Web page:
In the grand sweep of humanity, presenteeism is a recent phenomenon. Before the industrial era, most people worked in their own farm or workshop and were paid for the amount they produced. Factories emerged because new machines were much more efficient than cottage-industry methods, and only a large employer with capital could afford them. Suddenly, workers were paid not for their output but for their time, and were required to clock in and out. But modern machinery like smartphones and laptops is portable. It can be used as easily at home as in the office.

Turning an office into a prison, with inmates allowed home for the evenings, does nothing for creativity that is increasingly demanded of office workers as routine tasks are automated. To be productive you need presence of mind, not being present in the flesh.

https://www.economist.com/business/2019/05/12/the-joy-of-absence
"The most important qualification of a soldier is fortitude under fatigue and privation. Courage is only second; hardship, poverty and want are the best school for a soldier." Napoleon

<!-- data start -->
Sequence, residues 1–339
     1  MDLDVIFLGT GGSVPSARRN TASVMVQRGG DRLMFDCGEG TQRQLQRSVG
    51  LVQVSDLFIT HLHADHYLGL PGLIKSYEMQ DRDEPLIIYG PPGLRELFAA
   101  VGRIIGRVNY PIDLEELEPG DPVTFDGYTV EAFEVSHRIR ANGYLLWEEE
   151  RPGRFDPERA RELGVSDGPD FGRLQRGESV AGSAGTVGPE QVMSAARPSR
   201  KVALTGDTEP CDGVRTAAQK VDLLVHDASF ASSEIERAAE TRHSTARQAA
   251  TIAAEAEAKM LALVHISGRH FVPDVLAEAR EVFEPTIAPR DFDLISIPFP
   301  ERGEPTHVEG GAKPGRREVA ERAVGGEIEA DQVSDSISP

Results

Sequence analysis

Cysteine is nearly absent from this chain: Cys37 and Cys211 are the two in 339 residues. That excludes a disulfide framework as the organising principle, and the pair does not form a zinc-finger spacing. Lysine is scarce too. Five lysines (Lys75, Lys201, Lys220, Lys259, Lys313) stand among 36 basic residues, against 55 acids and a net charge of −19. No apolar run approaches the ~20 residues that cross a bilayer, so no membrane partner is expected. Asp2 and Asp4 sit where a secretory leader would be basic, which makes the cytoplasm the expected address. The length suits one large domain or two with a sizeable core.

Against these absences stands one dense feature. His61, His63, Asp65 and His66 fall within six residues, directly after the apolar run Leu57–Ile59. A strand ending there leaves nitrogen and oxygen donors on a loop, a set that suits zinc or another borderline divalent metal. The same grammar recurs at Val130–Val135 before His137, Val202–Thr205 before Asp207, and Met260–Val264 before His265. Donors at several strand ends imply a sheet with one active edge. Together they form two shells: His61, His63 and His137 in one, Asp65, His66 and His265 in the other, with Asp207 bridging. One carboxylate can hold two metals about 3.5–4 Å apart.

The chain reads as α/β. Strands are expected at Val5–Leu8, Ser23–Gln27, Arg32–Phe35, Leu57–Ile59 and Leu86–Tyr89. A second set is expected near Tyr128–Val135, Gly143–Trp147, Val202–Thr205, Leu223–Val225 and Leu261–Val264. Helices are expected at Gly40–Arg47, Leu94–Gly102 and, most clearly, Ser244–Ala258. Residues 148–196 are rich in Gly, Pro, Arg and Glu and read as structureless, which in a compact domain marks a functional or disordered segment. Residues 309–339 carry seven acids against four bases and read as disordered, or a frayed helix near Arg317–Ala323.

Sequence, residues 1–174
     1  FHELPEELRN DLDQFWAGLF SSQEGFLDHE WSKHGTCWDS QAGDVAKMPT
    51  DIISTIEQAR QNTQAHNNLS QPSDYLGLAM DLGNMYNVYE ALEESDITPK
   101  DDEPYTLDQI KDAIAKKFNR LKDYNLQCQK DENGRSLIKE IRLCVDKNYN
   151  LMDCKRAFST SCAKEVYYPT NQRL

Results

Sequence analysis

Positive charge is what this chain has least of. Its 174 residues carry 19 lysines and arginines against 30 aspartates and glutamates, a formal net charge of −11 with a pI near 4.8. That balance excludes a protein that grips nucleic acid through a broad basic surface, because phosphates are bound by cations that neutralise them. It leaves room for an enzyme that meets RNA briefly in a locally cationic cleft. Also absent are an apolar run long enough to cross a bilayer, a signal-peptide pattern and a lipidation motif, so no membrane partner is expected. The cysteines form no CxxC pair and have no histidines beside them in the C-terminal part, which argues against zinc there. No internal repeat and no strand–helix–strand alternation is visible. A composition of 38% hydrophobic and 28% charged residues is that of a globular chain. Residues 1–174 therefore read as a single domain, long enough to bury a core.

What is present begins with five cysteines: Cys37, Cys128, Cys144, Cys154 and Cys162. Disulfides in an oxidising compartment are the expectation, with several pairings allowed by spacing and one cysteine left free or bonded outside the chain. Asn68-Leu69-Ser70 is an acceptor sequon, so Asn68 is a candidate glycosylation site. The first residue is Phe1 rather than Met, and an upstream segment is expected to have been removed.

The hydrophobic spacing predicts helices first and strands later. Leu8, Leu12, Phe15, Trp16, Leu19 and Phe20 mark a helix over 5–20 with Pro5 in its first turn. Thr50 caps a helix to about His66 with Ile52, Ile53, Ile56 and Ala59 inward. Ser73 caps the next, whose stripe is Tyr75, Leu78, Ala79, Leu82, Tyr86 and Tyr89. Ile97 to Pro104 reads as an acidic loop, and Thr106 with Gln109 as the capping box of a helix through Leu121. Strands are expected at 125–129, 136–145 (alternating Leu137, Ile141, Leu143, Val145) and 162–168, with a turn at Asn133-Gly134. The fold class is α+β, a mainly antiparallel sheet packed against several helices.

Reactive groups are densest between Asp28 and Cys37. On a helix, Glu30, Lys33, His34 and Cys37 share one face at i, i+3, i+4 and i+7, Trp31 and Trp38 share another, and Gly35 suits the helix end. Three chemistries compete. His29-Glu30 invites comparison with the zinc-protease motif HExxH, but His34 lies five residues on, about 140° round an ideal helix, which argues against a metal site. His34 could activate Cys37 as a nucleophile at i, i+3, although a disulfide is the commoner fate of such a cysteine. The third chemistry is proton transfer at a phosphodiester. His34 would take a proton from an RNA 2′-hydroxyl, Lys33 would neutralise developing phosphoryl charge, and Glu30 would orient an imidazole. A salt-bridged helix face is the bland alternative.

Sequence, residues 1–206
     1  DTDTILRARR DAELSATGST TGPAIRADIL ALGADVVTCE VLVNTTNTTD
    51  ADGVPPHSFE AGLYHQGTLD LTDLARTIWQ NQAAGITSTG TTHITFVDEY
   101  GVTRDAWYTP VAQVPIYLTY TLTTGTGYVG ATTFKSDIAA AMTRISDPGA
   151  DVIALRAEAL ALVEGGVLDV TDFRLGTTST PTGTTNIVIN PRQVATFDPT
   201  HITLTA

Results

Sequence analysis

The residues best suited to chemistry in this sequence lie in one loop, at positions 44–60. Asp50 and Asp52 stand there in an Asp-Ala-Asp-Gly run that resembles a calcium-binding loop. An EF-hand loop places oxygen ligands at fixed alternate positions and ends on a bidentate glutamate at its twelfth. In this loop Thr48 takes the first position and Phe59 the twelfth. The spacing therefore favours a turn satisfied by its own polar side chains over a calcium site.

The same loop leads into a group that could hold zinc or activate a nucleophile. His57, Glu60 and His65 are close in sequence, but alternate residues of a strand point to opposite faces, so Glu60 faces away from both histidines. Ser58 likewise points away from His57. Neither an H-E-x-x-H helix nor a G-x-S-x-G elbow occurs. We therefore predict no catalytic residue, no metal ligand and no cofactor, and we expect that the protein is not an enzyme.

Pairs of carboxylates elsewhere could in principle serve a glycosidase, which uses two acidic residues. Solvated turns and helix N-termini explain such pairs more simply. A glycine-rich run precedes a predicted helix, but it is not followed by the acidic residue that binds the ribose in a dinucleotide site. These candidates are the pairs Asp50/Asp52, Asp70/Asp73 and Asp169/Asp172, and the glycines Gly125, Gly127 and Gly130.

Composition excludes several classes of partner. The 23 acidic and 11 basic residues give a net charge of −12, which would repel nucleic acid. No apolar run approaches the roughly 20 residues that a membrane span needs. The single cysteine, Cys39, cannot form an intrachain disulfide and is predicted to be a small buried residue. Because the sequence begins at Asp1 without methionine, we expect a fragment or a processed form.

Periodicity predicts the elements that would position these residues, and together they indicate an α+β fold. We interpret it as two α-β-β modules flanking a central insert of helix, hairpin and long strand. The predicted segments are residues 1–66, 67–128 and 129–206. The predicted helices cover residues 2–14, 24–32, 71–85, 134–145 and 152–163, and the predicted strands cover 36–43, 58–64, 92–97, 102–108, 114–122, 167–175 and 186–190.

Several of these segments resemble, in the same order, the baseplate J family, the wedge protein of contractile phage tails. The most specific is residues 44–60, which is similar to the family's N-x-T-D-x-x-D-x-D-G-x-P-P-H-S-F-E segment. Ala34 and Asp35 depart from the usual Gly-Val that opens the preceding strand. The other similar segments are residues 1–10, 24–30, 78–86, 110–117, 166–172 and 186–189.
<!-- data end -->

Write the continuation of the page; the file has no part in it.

Offline FJAG

  • Army.ca Veteran
  • *****
  • 207,435
  • Rate Post
  • Posts: 2,479
  • Ex Gladio Justicia
    • Google Sites Wolf Riedel
Many years ago I was involved for quite a while in legal issues concerning a massive and complex international chemical industry construction project which had gone significantly out of whack.

The project was a cost plus project and one of the issues was that the project had fallen far behind and as a result the contractor had initiated significant ramp-ups in overtime so that teams went from working 5/8s to 6/10s and even 6/12s (days per week/hours per day)

That got us looking at worker efficiencies on prolonged overtime work which all the studies agreed went to hell in a hand basket. In effect the owners were paying premium overtime rates for work that was progressively deteriorating at a predictable rate.